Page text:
Finders Keepers” and Rental Property Listings
The federally-funded Section 8 Housing Assistance Program is a “Finders Keepers” program; voucher holders are responsible for finding their dwelling unit on their own. However, to assist in the search for suitable housing, LTRAP maintains a list of rental units offered for rent by landlords who desire to participate in the Section 8 Program. The listing is updated regularly, and is posted at the LTRAP office. Voucher holders are urged to also seek other methods for finding rental units, such as newspaper ads, local realtors, and apartment mangers. Because the time limit for finding a unit is so short, and suitable units are so scarce, the voucher holder is well-advised to begin the search right away, and to pursue all leads diligently.
Vouchers are the credentials that show that the holder is eligible to receive a housing subsidy. These documents are issued in the name of the head-of-household, bear the date of issue, date of expiration, and unit size (eligible bedroom size); and detail how the Housing Authority will enter into a Housing Assistance Payments contract with a housing provider, to pay a rent subsidy on behalf of the holder to lease a qualified unit.
Vouchers also list the important Obligations of the Family, which must be fulfilled to remain in good standing on the Section 8 Program.
Rents in the Section 8 Voucher Program
The Voucher Program operates under Payment Standards (PS) which are determined by LTRAP in accordance with federal regulations. Like Fair Market Rents, Payment Standards are also published by bedroom size, but rather than stipulating a maximum amount of contract rent, they are the basis for determining LTRAP’s share of the rent. The following example illustrates:
- A new Section 8 tenant and landlord agree that $1,250 is a reasonable rent for the landlord’s three bedroom unit.
- LTRAP has determined that $350 is 30% of the tenant’s monthly adjusted income.
- LTRAP subtracts $350 from the three bedroom Voucher Payment Standard of $1,243 resulting in a subsidy of $893.
- The tenant’s share of the rent is the balance of $357, ($1,250 less $893.)
LTRAP pays $893 directly to the landlord each month, and the landlord must collect $357 from the tenant.
Housing Choice Voucher Payment Standards*
Lakewood Township Residential Assistance Program (LTRAP)
|* Information is subject to change without notice. For additional information, please click here.|
While utility costs do not figure directly into the calculation of Voucher subsidies, they are taken into consideration by LTRAP when establishing the Payment Standards.
The above examples generally illustrate the results of subsidy calculations for most Voucher holders, but may not reflect the influence of more complex factors where other regulations and policies apply.
Section 8 “Obligations of the Family”
The following is a summary of the Obligations of the Family as stated on the Section 8 Voucher.
What the family must do:
The family must supply all information necessary to complete a periodic re-examination of family income and composition, and to verify the family’s residence in the unit. All information supplied by the family must be true and complete.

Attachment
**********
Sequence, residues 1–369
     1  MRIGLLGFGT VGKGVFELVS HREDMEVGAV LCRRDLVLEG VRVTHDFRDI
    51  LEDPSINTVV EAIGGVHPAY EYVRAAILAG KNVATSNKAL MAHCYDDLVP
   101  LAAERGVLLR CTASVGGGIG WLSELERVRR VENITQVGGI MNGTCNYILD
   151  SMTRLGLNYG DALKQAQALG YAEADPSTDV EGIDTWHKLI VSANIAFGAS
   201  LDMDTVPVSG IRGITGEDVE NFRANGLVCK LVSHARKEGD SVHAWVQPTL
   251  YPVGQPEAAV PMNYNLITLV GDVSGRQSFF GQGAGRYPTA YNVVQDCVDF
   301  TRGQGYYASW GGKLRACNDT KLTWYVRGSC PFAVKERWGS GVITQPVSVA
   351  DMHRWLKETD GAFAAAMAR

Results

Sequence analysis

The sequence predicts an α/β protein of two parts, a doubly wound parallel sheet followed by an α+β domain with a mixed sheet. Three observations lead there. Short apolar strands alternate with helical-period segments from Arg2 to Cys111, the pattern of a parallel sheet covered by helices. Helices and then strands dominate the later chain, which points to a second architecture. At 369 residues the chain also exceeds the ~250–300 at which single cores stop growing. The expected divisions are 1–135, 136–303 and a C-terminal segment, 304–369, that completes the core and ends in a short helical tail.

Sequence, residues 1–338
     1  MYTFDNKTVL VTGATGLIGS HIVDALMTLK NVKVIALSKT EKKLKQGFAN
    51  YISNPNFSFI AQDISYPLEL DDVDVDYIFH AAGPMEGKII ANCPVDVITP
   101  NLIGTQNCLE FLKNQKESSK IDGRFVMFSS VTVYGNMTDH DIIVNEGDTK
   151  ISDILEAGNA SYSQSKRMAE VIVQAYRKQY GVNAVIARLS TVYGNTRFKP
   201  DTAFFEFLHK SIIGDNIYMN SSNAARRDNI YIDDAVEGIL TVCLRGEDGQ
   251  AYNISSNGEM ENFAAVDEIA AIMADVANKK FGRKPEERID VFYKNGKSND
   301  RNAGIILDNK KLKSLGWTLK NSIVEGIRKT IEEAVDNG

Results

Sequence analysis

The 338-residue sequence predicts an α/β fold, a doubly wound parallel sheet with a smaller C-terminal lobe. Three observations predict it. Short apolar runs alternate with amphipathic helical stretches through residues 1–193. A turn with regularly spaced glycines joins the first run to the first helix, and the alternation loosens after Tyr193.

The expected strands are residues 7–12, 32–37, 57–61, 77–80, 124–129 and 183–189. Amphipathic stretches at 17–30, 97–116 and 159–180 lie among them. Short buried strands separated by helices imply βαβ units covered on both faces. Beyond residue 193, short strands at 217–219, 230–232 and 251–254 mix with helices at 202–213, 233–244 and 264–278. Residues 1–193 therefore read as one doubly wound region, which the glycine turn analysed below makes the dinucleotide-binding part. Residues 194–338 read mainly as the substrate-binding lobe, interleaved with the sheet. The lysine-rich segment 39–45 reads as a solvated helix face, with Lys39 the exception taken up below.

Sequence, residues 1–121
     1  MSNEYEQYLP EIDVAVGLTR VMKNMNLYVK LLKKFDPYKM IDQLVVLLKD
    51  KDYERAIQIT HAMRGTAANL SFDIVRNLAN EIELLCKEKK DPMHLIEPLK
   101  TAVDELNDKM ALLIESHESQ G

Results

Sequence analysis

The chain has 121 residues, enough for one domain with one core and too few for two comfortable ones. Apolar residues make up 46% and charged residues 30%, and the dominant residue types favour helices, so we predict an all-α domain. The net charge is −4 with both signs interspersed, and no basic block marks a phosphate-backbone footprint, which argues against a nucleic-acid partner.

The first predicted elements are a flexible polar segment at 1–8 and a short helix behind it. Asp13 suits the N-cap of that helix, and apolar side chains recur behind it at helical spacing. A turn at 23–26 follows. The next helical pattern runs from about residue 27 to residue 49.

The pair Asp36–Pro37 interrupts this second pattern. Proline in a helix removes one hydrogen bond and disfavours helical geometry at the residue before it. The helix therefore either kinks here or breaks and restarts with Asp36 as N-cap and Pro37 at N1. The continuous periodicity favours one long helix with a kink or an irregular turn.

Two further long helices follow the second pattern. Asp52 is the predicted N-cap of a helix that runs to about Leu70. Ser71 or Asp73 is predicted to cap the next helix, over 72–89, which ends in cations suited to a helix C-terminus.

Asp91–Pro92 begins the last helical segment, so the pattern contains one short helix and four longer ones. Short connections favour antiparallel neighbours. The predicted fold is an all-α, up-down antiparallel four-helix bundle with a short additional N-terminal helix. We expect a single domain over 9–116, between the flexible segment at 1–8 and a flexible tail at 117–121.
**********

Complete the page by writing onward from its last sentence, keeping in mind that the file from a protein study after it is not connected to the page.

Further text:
The family must notify LTRAP of any absence from the unit, before moving out of the unit; and must give LTRAP a copy of any eviction notice. The subsidized unit must be the family’s only residence.
The family must notify LTRAP after a birth, adoption, or legal-custodial arrangement; and when a family member no longer continues to live in the unit.
The family must notify LTRAP immediately of any change in income.
The family must request written approval from LTRAP to add any other family member. The family must pay all utility bills and supply all appliances that the owner is not required to provide under the lease, and the family must allow the Housing Authority to inspect the unit.
What the family must not do:
The family must not own or have any interest in the subsidized unit, or commit any serious or repeated violation of the lease.
The family must not damage the unit, and cannot sublease the unit.
The family must not participate in illegal drug activity or violent criminal activity; or commit any criminal act in connection with the program, such as fraud, bribery, and side payments to landlords.
The family must not receive Section 8 assistance while receiving another housing subsidy of any type.
It is important to remember that both Section 8 tenants and landlords have significant obligations above and beyond the basic responsibilities required under state law, such as may be found in the Obligations of the Family, the Housing Quality Standards, and those agreed to in the Section 8 Lease and the Housing Assistance Payments Contract.
Renting to or from Relatives
The following relatives are ineligible for rental assistance when renting from an owner: the Owner’s children, grandchildren, siblings, parents, and grandparents. In other words, if any member of the tenant household is a son, daughter, grandchild, parent, grandparent, or sibling of the owner they are ineligible to receive Section 8 assistance in that unit. Other relatives are not disqualified, such as nephews, nieces, aunts, uncles, cousins, and non-blood relatives such as, a brother-in-law who owns the home in his own name, or a step-parent. In such cases, however, if there is a spouse who is a blood relative, that spouse may not have any ownership interest in the unit.